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In order to encourage enlistments and to compensate the soldiers who were invited to rally under the Federal flag, Congress passed a resolution offering each a bounty of one hundred dollars. It, moreover, appropriated the sum of one hundred and sixty-one million dollars for military expenses; and in order to secure the most powerful means of action to the government, it authorized the government during the recess of Congress to increase the amount voted for the support and equipment of the national troops to the enormous figure of five hundred million of dollars. We will mention hereafter, the financial measures adopted during the same session to meet the unexpected requirements of such an appropriation. The War Department was reorganized, and its personnel considerably increased.

The ordinary session of Congress was to open on the 2d of December, 1861. During the recess the legislative acts it had passed for the creation of volunteer armies were executed, enabling those armies, as we have shown elsewhere, to acquire the numerical strength, organization and necessary materiel for a great war. There were but two measures relating to the formation of new corps, initiated by the President himself before the meeting of Congress. The object of the first, under date of September 17th, was to assemble at Hatteras a regiment of volunteers recruited in North Carolina. It was hoped thereby to enlist under the Federal flag those citizens who had remained loyal to the constitution, notwithstanding the secession of their State. This first effort did not prove very successful, the number of Carolinians who sought refuge on the narrow downs of Hatteras being altogether insignificant. On the 7th of November, Mr. Lincoln likewise authorized the raising of Federal regiments in Missouri. As that State was divided between the two parties, and a large number of militia had already entered the service of the Union, several of these regiments were speedily formed.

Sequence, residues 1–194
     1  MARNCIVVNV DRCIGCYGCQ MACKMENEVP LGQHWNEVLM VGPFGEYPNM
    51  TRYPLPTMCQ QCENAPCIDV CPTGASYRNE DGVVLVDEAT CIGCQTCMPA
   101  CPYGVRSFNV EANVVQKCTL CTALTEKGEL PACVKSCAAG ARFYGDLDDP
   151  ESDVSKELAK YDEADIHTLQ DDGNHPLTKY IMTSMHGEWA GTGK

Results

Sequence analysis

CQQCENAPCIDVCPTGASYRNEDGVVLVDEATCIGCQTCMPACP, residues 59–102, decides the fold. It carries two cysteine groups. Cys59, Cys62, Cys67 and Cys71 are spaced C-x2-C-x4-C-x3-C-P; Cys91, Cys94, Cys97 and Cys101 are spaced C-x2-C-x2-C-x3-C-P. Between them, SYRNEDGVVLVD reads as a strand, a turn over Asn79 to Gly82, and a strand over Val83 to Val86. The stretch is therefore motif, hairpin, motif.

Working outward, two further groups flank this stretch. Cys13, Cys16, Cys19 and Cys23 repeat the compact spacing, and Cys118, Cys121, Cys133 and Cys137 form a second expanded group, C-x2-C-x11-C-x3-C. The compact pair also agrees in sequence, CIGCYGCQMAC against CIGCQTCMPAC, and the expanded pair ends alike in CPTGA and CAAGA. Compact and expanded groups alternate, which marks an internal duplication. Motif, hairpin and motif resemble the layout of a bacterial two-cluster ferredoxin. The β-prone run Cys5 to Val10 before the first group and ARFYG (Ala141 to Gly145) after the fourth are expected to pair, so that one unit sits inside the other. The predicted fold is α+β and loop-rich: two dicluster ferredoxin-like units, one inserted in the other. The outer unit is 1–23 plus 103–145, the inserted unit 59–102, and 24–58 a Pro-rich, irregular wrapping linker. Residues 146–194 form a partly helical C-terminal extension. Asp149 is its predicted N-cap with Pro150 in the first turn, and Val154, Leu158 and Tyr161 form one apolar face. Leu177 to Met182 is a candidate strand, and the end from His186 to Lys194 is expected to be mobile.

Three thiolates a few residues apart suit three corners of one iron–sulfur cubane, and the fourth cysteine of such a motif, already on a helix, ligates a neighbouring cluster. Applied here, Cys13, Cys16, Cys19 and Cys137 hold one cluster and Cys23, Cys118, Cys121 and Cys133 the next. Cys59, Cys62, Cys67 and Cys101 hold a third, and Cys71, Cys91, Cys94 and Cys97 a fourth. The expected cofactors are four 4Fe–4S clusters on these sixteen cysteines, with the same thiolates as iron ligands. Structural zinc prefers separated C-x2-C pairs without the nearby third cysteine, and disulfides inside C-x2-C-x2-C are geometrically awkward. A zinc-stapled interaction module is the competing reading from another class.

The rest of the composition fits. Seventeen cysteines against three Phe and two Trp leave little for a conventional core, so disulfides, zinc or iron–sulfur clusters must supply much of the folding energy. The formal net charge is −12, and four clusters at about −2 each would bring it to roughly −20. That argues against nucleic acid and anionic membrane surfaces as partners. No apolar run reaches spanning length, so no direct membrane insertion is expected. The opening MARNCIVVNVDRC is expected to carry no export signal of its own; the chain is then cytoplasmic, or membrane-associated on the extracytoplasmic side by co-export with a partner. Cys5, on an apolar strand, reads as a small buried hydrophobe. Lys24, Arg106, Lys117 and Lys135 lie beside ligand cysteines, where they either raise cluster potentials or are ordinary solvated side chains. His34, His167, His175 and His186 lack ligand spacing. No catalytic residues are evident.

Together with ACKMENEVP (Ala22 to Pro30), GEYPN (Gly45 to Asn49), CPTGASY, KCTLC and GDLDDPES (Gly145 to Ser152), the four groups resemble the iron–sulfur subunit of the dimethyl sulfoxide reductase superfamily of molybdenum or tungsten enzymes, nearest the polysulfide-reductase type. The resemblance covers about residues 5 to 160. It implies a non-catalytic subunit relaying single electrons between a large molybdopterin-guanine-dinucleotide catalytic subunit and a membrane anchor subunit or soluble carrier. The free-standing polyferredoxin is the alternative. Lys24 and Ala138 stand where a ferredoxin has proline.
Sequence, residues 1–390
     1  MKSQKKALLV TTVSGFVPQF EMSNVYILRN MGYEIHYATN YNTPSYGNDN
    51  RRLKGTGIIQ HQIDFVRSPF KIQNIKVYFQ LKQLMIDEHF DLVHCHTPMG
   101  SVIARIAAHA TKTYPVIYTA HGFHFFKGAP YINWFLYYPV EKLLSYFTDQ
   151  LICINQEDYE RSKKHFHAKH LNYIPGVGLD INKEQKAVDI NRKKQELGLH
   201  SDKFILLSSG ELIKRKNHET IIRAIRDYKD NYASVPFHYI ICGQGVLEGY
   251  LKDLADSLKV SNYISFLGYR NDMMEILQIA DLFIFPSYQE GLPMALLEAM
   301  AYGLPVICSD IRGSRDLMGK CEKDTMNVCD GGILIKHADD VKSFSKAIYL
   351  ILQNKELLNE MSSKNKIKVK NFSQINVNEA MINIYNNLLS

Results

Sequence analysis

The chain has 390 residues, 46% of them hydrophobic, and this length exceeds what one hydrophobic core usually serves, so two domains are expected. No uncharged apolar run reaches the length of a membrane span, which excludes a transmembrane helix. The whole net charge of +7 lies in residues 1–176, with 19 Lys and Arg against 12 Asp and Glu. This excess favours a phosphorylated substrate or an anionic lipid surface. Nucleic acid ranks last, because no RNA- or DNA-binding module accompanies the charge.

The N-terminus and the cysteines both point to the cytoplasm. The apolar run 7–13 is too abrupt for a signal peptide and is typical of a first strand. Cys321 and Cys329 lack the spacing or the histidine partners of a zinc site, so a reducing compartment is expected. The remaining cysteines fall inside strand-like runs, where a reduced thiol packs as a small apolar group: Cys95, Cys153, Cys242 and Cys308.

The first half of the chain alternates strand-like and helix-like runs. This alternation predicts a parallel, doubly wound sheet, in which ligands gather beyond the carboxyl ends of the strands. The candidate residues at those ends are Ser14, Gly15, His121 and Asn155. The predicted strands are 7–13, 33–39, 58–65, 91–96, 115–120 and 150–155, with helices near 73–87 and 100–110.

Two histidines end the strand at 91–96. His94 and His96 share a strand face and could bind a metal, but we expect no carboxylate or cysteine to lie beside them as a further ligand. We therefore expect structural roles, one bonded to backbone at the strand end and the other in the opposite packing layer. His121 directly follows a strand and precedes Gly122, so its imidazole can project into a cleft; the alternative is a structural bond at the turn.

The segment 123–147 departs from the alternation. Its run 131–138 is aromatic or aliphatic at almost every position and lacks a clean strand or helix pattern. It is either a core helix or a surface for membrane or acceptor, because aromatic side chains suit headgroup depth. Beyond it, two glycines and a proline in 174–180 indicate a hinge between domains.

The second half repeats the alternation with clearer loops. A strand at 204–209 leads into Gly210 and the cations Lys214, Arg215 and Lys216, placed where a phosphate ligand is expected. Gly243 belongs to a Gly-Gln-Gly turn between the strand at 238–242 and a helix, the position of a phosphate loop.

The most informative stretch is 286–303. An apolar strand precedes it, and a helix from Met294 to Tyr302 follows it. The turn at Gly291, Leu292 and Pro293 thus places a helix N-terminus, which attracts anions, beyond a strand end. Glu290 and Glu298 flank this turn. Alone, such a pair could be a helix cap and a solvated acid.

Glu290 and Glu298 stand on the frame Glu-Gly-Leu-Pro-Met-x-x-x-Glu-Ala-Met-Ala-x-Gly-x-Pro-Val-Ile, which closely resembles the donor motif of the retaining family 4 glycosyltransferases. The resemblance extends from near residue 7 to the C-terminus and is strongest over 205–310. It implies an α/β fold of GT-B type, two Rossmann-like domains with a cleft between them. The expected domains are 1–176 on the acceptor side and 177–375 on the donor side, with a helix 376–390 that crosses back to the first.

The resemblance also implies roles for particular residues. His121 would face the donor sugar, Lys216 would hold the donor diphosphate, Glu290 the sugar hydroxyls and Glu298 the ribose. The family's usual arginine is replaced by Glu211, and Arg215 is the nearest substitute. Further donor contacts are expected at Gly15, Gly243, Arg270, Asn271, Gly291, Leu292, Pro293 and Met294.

In the mean while, the people of the North had eagerly responded to the call made upon them; and when Congress met, the government was able to announce that it had six hundred and eighty-two thousand nine hundred and seventy-one men in its service, six hundred and forty thousand six hundred and thirty-seven of whom were volunteers, twenty thousand three hundred and thirty-four

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